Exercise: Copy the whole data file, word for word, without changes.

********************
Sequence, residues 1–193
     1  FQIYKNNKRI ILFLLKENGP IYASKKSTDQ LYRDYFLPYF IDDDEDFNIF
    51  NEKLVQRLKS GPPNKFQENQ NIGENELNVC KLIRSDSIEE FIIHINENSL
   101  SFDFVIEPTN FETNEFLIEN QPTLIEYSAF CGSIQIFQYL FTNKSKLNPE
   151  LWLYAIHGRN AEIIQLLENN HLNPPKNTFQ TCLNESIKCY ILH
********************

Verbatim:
Sequence, residues 1–193
     1  FQIYKNNKRI ILFLLKENGP IYASKKSTDQ LYRDYFLPYF IDDDEDFNIF
    51  NEKLVQRLKS GPPNKFQENQ NIGENELNVC KLIRSDSIEE FIIHINENSL
   101  SFDFVIEPTN FETNEFLIEN QPTLIEYSAF CGSIQIFQYL FTNKSKLNPE
   151  LWLYAIHGRN AEIIQLLENN HLNPPKNTFQ TCLNESIKCY ILH